No need for yet another airport photo, really, especially as I am wall-eyed with tiredness after three hours of sleep and possibly the most stressful check-in process ever experienced (still in the queue for bag drop twenty minutes before my flight was due to depart, along with many other disgruntled fellow passengers: thanks Air France at Heathrow), so instead I refer you to the above photograph, taken in early December 2011 from the Hermitage in St Petersburg. Until that point I’d almost entirely used my Kindle for free Project Gutenberg downloads, but for some reason, while actually in the Hermitage, I was overwhelmed with avarice while in the Hermitage and took advantage of Amazon’s then-very-generous provision of free 3G access worldwide to purchase and download the first three Night Watch books. I enjoy the series very much, despite an extremely dubious Scottish setting in one of the books, and Lukyanenko’s rather touching habit of writing books that are definitely, totally, 100% for real the final book in the series … and then cracking and writing another a few years later.
August was a particularly peripatetic month: Comoros to Kenya to the UK (Glasgow, London, South Wales, as ever) to Greece, Bulgaria and Romania for an epic and over-ambitious road-trip with a friend. Highlights of the trip included getting our hire-car clamped and towed in two separate incidents in two separate Bulgarian cities on the same day, and accomplishing a number of travel goals: two new European capitals (Sofia and Bucharest – the latter, in particular, is criminally underrated), and two places on my Travel Bucket List (monasteries in Meteora and Bucovina).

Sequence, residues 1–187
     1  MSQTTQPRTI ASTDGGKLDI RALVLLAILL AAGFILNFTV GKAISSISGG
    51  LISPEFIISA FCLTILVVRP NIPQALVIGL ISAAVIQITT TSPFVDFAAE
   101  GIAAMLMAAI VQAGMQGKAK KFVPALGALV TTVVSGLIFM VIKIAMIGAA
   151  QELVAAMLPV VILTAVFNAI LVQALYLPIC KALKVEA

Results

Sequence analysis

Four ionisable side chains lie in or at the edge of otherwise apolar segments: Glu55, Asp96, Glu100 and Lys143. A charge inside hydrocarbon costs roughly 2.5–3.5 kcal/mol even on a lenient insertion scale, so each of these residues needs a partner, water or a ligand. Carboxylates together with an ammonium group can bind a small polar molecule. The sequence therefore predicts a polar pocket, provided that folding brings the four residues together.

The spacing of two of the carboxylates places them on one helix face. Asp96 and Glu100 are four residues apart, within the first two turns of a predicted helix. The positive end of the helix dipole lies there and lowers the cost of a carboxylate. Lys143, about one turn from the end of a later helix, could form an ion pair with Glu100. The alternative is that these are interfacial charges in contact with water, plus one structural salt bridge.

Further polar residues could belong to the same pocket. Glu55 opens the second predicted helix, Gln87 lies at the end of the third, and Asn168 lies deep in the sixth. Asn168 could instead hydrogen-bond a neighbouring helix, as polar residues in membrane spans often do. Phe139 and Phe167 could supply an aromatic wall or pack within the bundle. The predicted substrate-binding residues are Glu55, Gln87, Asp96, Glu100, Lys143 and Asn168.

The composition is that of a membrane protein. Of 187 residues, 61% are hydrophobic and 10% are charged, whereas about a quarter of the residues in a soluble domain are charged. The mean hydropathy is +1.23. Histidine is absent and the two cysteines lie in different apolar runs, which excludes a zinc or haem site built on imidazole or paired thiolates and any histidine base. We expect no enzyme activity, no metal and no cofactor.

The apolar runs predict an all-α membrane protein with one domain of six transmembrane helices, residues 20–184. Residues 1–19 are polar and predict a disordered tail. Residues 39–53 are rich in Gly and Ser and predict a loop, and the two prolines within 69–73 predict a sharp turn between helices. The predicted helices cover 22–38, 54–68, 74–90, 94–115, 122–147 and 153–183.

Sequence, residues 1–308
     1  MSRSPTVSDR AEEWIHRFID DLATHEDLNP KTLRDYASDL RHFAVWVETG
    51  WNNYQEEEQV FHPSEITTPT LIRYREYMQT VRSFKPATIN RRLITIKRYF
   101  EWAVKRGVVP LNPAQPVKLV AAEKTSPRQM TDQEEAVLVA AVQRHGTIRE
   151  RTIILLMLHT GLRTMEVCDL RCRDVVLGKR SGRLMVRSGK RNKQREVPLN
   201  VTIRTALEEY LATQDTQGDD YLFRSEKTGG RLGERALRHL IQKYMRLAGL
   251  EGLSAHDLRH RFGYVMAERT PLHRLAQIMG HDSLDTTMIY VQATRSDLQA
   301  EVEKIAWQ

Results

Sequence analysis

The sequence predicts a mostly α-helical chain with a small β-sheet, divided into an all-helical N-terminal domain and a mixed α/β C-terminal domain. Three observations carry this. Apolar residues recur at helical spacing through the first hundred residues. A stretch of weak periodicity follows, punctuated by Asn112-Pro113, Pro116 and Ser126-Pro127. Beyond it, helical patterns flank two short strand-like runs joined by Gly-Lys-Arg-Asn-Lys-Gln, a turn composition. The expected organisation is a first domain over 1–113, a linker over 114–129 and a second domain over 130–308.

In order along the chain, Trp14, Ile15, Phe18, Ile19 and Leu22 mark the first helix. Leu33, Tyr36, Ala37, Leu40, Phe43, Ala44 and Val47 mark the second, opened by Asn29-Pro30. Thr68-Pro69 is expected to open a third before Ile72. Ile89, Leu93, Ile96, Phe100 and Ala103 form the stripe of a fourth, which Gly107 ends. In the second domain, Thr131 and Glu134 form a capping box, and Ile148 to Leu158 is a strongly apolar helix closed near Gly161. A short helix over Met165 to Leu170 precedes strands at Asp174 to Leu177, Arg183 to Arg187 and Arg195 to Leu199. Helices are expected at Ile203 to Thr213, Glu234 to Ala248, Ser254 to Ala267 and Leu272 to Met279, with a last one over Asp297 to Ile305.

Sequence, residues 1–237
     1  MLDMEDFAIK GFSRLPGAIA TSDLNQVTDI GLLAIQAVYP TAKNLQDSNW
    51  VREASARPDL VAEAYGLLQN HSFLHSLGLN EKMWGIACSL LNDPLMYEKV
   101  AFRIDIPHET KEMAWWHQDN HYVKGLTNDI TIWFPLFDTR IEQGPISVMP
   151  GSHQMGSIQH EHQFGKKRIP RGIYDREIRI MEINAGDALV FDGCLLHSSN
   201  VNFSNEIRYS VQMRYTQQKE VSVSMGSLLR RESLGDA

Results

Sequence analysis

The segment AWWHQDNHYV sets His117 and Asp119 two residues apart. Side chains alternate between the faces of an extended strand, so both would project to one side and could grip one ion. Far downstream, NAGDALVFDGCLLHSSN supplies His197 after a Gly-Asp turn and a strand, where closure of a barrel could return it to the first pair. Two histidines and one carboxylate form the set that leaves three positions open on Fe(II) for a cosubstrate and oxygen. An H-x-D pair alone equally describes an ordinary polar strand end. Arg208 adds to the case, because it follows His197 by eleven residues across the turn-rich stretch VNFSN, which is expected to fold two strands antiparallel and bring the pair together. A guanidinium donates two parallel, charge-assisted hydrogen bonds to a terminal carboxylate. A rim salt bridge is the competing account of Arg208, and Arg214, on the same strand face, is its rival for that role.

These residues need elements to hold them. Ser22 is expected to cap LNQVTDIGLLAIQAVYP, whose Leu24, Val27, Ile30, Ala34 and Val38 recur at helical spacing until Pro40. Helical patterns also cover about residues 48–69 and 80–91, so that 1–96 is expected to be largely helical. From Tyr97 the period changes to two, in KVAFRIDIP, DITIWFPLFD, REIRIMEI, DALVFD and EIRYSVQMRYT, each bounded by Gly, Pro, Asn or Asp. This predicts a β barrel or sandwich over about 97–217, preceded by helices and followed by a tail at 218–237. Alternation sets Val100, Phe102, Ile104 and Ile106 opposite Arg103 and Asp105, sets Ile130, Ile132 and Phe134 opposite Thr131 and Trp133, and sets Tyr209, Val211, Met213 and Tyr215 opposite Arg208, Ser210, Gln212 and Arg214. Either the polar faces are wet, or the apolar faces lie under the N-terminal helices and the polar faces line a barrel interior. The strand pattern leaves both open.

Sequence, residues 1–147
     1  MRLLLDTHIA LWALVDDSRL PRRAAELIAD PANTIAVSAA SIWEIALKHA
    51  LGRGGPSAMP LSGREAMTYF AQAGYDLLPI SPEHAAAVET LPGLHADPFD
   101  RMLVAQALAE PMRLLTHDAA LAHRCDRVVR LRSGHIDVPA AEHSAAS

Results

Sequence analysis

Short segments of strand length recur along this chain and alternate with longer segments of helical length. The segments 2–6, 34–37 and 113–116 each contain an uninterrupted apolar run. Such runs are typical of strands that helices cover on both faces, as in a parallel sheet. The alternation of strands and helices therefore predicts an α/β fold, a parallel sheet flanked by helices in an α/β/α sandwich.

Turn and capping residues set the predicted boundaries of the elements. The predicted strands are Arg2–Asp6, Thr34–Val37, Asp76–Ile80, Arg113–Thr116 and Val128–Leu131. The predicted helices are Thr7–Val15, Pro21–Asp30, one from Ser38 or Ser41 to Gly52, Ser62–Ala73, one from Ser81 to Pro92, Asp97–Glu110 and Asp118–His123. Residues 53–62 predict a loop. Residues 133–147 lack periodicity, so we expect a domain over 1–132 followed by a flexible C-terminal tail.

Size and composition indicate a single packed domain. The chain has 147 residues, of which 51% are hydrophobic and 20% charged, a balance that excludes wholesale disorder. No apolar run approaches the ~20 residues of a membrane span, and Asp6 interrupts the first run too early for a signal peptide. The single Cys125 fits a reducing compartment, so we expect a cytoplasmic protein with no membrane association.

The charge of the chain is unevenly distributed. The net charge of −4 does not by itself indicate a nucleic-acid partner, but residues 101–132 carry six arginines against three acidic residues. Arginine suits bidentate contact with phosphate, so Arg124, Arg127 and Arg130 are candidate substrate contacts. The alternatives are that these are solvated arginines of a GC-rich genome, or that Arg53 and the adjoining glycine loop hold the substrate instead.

Diporto Agoras, Athens: the first of many amazing meals.
Meteora, which has been on my List since I first visited Greece in 1997.
Sofia by night (arty shot, courtesy of just getting a replacement charger for my Proper Camera and no longer being dependent on phone photos).
Another amazing meal, at Manastirska Magernitza in Sofia. (Also the most extensive and bonkers menu I have ever seen.)
Veliko Tarnovo, where our time was sadly constrained owing to having to get our car out of chokey.
Bucharest Old Town by night. (Many of my photos are night shots, owing to our great difficulty in ever leaving places.)
Caru’ cu Bere, Bucharest, where we had both dinner and lunch, because it was that good.
It’s only been a week, but I’m ashamed to admit that I’ve already forgotten which monastery this was: I think Suceavita, but it could also be Moldovita. Travel fail.
Brilliantly spooky cemetery in Arbore.
Every other day of the trip was blazing sunshine, but pretty much as soon as we entered Transylvania it was all creeping mists and sinister pine forests and (probably, invisible in the mist) vampire-filled castles.
Cluj-Napoca, journey’s end, and temporary home of an old friend I hadn’t seen since Juba, who fed me tripe soup and Cluj cabbage and walked with me for 12km around the town, catching Pokemon.
Yeah yeah I know it always seems like I’m on holiday but ACTUALLY I think you’ll find that I have latterly become a master of the microbreak. This time it’s Comoros, Country Number 102, according to my (admittedly somewhat idiosyncratic) list, and which I’ve been fascinated by ever since I read about the country on a Precision Air in-flight magazine back in 2011. I was supposed to be doing a short trip to Somalia around now, but it was cancelled and so I took the opportunity to take a quick trip to somewhere a) within a single flight of Nairobi, b) that I hadn’t been to before, and c) that didn’t require a visa in advance. That narrowed it down to Malawi or Comoros, and Comoros won.